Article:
What about those other trims? Incentives vary widely, but we’ve generally observed discounts outside the Big Horn and Lone Star trims of $1,500 to $4,500, depending on trim level and region, with $500 bonuses in many cases for those who finance at standard rates through FCA.
More From Cars.com:
We focus on cars new to the list or ones we haven’t highlighted in the past few months. But a few cars from recent months still carry deep discounts in January:
How We Look for Deals
To look for January deals, we looked at days-to-turn data from December — specifically Dec. 1-24, the window we gathered the data — which measures how long it takes on average for dealers to sell a given car. That illustrates slow sellers, cars on which dealers could be more willing to cut a deal. Then we looked at factory cash discounts and low-interest-rate financing offers that are especially high for the price of the car. After all, $3,000 is a lot more on a Ford Escape than a Ford Expedition.
Incentives data come from automakers’ websites, while days-to-turn data come from Cars.com inventory. Remember, our numbers are current as of publication for the markets we survey (generally Atlanta, Chicago, Denver, Houston, Los Angeles and New York). They reflect advertised customer discounts, not unadvertised factory-to-dealer cash. Discount financing typically requires qualifying credit, too, and incentives may vary by region and trim level; automakers may also change them later in the month. In sum: Your discounts may vary, so check with your local dealer for specifics.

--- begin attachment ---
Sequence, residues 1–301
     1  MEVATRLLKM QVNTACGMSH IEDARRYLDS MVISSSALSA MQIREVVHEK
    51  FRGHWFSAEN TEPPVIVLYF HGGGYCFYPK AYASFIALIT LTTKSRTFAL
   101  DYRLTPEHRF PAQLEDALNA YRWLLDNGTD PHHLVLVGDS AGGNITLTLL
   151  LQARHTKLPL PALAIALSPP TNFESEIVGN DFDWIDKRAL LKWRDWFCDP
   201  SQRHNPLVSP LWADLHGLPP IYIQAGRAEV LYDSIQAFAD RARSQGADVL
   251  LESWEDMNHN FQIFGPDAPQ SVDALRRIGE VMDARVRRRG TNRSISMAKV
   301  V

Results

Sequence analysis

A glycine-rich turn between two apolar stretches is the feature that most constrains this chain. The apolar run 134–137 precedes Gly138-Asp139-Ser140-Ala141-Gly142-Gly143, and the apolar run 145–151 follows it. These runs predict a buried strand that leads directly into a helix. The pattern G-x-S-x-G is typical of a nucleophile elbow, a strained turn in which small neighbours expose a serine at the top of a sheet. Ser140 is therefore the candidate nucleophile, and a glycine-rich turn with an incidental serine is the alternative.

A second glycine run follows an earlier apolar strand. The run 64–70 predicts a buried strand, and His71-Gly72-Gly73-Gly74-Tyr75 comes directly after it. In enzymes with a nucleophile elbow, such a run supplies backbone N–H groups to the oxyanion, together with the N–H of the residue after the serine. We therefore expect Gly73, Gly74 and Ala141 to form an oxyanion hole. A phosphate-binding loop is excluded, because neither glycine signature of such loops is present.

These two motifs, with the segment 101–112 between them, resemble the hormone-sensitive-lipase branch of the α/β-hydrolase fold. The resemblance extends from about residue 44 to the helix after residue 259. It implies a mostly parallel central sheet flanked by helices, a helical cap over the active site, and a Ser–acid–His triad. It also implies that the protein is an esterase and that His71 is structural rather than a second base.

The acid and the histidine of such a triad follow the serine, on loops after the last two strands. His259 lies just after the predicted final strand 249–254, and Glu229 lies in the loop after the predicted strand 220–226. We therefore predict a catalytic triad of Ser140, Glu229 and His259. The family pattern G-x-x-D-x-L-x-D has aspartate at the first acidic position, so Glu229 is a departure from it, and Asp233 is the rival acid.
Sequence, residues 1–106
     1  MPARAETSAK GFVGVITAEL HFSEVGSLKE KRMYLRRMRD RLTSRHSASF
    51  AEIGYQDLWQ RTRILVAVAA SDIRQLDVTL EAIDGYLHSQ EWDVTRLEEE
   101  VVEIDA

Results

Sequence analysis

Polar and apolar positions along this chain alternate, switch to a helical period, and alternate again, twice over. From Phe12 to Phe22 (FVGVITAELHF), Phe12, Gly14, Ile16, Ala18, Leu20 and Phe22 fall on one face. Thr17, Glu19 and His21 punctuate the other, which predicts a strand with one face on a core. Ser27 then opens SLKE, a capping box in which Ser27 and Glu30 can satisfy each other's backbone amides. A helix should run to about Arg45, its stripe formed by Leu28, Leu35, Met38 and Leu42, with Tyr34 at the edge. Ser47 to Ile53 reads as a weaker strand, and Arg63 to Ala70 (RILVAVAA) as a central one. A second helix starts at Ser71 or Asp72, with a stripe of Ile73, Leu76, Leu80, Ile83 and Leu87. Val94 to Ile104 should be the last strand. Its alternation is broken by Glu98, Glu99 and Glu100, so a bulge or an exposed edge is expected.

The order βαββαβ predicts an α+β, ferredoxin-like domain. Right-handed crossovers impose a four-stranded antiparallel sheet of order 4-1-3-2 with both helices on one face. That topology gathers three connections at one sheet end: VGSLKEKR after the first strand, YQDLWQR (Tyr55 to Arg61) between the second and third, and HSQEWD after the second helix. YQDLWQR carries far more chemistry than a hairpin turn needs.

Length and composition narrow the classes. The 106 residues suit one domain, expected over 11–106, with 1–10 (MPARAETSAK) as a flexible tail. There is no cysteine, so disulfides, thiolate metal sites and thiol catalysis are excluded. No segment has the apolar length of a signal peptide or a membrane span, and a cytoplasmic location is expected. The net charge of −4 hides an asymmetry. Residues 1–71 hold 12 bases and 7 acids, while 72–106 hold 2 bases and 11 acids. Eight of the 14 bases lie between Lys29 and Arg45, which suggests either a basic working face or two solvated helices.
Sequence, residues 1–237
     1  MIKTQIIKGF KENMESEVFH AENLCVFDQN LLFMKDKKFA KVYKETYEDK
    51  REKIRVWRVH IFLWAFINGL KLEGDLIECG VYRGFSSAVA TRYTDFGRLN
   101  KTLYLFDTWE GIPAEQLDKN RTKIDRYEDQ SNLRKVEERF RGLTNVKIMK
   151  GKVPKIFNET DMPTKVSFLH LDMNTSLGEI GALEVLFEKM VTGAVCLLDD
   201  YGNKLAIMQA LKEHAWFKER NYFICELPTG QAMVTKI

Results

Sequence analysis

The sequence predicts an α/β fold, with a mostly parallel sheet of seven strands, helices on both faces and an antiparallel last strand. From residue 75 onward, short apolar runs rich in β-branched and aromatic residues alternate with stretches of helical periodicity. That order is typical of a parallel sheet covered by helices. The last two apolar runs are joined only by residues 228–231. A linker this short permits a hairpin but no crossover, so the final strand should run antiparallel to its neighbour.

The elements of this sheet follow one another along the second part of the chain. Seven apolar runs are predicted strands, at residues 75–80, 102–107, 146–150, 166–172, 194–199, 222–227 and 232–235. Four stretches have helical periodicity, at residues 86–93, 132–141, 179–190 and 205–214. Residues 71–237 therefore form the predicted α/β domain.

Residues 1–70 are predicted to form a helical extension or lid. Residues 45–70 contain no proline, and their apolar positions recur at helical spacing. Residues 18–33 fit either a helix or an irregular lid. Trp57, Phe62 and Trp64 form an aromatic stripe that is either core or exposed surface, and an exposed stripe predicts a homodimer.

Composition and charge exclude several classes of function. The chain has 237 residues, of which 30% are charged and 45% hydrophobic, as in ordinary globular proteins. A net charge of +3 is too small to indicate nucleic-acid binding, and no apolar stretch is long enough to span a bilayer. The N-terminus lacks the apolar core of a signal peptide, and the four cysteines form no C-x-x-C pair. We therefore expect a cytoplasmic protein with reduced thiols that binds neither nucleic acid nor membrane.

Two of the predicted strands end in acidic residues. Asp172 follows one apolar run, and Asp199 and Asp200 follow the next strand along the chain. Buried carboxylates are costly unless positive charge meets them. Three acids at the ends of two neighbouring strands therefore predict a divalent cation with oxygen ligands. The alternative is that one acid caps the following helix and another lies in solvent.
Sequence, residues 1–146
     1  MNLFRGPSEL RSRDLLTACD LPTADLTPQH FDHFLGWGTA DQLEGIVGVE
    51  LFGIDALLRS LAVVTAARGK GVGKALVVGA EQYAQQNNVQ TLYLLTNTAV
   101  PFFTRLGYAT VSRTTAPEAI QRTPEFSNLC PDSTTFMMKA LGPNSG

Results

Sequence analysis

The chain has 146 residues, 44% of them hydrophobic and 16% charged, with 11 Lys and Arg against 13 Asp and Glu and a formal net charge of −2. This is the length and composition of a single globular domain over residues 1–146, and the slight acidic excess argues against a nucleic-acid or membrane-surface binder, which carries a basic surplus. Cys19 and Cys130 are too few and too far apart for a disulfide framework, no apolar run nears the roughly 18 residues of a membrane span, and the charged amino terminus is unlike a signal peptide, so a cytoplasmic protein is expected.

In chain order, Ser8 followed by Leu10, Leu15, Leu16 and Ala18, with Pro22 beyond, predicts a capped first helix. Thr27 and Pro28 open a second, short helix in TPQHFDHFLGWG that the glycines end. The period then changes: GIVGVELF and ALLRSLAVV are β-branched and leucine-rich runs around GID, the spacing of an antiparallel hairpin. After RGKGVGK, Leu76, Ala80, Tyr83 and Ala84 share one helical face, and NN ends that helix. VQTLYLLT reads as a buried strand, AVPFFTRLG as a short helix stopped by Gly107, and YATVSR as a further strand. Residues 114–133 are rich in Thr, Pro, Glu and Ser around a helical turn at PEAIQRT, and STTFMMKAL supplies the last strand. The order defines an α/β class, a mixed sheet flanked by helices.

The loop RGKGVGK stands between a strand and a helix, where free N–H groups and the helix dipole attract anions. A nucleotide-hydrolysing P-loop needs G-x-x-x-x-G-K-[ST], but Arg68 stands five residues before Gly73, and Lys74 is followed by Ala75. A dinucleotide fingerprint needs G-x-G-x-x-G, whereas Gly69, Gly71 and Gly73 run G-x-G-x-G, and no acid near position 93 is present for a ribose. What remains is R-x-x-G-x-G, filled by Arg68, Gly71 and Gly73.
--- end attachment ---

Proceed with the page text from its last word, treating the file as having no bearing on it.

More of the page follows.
Cars.com’s Editorial department is your source for automotive news and reviews. In line with Cars.com’s long-standing ethics policy, editors and reviewers don’t accept gifts or free trips from automakers. The Editorial department is independent of Cars.com’s advertising, sales and sponsored content departments.